WOMEN’s organisations have decried failure by Finance minister Mthuli Ncube to address “menstrual poverty” among girls and women who are failing to access affordable sanitary wear.

Ncube last week announced a $929 billion supplementary budget.

Sanitary Aid Zimbabwe executive director Theresa Nyava-Machadu told source that Ncube failed to announce measures to afford females access to good reproductive health as stated in Section 76(1) of the Constitution. “Section 3(1a) of the Education Act also mandates government to provide all school girls with sanitary wear and proper menstrual hygiene facilities in line with the Constitution. This is indispensable in order to foster the dignity of women and girls, and to ensure that they enjoy their rights and freedoms,” Machadu said.

“Sadly, the mid-term budget statement did not announce any measures to address menstrual poverty, despite the fact that inflation is now very high at 257%, compared to 54% when the 2022 budget was announced last year. Period poverty is worsening,”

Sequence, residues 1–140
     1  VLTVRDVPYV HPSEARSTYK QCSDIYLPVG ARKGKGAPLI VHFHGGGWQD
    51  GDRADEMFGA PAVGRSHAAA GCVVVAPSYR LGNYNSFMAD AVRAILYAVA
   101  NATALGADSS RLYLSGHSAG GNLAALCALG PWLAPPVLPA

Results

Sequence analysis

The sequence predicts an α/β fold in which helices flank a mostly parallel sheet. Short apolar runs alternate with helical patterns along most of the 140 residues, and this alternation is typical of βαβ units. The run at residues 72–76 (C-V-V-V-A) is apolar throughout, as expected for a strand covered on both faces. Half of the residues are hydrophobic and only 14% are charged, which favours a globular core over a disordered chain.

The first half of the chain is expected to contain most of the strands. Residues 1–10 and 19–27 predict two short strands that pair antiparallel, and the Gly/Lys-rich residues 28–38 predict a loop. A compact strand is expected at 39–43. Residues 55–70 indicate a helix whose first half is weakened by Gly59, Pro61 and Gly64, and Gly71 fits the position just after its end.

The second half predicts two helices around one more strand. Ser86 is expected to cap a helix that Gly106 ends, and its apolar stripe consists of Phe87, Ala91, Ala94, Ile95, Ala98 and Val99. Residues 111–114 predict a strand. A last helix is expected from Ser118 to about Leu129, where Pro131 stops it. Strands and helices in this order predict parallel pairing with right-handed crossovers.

She said Ncube could have announced measures such as free sanitary wear for vulnerable women and school girls.

“We urge Parliament to enact a Free Menstrual Products and Services Act, which seeks to make the provision of free sanitary wear a legal requirement to all vulnerable women and girls,” she added.

Shamwari yeMwanasikana advocacy and research co-ordinator Rudo Mangwanyata said: “It’s quite disheartening and sad looking at how we were making noise and encouraging government to ensure that we fight menstrual poverty together. We call upon government and the Ministry of Finance to restructure the budget and make Sexual and Reproductive Health and Rights of young girls a priority and protect their future.”

Ignite Youth Organisation director Tadzie Madzima called for a reduction in tax on sanitary wear imports.

“Local production needs to be ramped up with training of girls living in rural communities to enable them to manufacture environmentally friendly products,” Madzima said.

Ministry of Finance spokesperson Clive Mphambela, however, said the 2022 National Budget had a sanitary wear fund.

“It was actually a big issue in Parliament. Former legislator Priscilla Misihairambwi championed that and I know that resources were set aside for that. In the mid-term budget we may not have vocalised it, but certainly in vote adjustments for that particular ministry, they took into account the current levels of inflation because all budget votes of all ministries had adjustments,” Mphambela said.

A snap survey by source yesterday revealed that the cheapest packet of 10 sanitary pads costs between $1 000 and $2 000, while very expensive brands are costing as much as US$10 pack.

Source Newsday